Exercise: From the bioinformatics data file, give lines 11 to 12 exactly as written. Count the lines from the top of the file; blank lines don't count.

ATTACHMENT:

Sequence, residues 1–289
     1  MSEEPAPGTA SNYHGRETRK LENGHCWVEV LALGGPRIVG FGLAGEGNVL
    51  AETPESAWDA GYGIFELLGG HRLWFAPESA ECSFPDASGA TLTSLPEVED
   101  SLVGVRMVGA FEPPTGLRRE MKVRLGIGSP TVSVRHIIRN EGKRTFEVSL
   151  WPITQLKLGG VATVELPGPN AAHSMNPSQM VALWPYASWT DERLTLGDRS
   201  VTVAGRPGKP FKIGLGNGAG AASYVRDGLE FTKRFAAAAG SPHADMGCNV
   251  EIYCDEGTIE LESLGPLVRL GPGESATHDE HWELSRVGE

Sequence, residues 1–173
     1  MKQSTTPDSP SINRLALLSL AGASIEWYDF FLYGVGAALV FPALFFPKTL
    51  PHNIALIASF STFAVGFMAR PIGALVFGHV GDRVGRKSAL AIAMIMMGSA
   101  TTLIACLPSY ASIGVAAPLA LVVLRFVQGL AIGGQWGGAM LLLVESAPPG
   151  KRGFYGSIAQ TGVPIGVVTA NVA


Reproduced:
   101  TTLIACLPSY ASIGVAAPLA LVVLRFVQGL AIGGQWGGAM LLLVESAPPG
   151  KRGFYGSIAQ TGVPIGVVTA NVA